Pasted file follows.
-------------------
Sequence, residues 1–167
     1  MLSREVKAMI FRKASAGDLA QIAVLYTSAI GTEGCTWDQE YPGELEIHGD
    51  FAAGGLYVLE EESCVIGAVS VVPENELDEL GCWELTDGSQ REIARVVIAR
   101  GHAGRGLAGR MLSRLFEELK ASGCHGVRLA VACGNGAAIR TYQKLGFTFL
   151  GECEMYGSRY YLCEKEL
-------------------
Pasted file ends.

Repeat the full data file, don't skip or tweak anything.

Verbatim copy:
Sequence, residues 1–167
     1  MLSREVKAMI FRKASAGDLA QIAVLYTSAI GTEGCTWDQE YPGELEIHGD
    51  FAAGGLYVLE EESCVIGAVS VVPENELDEL GCWELTDGSQ REIARVVIAR
   101  GHAGRGLAGR MLSRLFEELK ASGCHGVRLA VACGNGAAIR TYQKLGFTFL
   151  GECEMYGSRY YLCEKEL